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Ruling in Pfizer Case Protects Peer Review Confidentiality

Judge rejects subpoena by Pfizer to obtain unpublished editorial comments

TUESDAY, March 25 (HealthDay News) -- In a ruling that upholds the confidentiality of the peer review process, a judge has denied a motion requested by the attorneys for Pfizer, Inc. that two medical journals turn over unpublished editorial judgments and peer review comments of articles pertaining to celecoxib and valdecoxib, according to an editorial published online March 24 in the Journal of the American Medical Association (JAMA).

Catherine D. DeAngelis, M.D., and Joseph P. Thornton, J.D., Editor-in-Chief and Editorial Counsel for JAMA, respectively, report on the Pfizer litigation that threatened the confidentiality of the journal peer review process.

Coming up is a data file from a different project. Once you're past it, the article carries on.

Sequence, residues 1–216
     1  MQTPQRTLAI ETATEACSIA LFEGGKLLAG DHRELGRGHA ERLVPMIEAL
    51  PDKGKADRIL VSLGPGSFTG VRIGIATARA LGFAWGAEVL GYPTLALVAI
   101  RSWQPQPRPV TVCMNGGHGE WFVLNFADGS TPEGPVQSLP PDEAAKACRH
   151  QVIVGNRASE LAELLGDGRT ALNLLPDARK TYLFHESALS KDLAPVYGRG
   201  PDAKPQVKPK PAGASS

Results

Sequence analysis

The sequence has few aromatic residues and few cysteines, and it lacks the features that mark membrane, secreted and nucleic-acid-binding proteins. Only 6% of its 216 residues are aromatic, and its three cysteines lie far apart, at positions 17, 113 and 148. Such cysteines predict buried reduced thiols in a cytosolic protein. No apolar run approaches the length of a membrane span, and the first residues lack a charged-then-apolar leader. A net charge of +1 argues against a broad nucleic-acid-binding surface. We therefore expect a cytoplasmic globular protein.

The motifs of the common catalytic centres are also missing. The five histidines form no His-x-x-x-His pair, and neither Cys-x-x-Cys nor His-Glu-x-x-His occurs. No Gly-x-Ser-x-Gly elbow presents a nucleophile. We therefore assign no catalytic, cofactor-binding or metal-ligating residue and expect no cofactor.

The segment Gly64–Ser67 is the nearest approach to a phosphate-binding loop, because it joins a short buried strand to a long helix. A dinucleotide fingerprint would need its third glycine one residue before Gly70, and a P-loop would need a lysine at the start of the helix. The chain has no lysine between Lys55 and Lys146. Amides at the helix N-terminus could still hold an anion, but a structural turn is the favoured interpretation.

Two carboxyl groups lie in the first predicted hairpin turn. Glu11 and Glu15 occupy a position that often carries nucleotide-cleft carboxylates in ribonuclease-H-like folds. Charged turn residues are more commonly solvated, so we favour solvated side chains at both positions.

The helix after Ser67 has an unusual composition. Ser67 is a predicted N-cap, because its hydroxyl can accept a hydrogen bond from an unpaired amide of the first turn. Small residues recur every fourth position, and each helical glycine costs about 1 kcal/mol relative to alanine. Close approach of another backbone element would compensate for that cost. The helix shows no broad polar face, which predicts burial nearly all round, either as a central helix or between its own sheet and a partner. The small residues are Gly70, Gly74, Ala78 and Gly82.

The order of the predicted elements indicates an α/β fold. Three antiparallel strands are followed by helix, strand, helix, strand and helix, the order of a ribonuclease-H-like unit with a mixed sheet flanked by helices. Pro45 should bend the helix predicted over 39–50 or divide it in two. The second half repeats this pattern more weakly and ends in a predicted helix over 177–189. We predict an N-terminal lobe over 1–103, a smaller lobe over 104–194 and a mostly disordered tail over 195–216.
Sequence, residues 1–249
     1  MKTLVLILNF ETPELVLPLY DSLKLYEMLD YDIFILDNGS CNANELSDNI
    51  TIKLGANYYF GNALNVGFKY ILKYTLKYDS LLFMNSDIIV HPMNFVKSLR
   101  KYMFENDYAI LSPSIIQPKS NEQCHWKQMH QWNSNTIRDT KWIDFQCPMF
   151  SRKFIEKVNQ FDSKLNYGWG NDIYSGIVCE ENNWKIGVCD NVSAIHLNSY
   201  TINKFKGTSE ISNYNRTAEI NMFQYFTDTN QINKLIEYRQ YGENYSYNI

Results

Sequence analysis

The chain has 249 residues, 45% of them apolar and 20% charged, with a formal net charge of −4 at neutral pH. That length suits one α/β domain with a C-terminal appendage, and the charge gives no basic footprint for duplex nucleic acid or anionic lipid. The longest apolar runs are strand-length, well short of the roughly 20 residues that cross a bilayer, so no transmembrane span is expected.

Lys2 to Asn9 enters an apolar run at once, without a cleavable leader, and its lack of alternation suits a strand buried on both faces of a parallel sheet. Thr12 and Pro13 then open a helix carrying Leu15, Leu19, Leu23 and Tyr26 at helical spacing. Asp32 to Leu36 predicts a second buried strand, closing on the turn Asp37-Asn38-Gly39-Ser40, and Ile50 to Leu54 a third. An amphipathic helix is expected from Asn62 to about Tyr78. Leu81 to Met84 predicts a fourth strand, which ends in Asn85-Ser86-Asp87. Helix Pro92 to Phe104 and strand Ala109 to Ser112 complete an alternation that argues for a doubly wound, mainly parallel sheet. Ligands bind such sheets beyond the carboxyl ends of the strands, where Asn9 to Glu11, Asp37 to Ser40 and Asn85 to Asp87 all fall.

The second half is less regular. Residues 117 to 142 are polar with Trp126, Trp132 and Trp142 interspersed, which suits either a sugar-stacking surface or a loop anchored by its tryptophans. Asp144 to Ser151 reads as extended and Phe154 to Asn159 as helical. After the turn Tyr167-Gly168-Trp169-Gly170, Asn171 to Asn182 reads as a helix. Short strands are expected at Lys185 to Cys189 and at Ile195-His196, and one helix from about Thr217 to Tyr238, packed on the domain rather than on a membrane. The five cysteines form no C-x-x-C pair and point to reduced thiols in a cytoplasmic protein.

As a defendant in more than 3,000 lawsuits alleging improper marketing of the cyclooxygenase 2 inhibitors celecoxib and valdecoxib, Pfizer had issued subpoenas to JAMA and Archives of Internal Medicine that the journals turn over all documents pertaining to the two drugs, including unpublished editorial and peer review comments. The federal district court in Chicago ultimately ruled in favor of the journals, denying Pfizer's subpoenas. The judge remarked that since this unpublished information had been kept confidential from Pfizer, the general public and the medical community at large, it could not have impacted Pfizer's advertising or marketing decisions.

DeAngelis and Thornton remark on the necessity of confidentiality in the peer review process: "We firmly believe that ensured confidentiality of reviews allows reviewers to provide professional critiques of manuscripts without fearing potential repercussions from authors."


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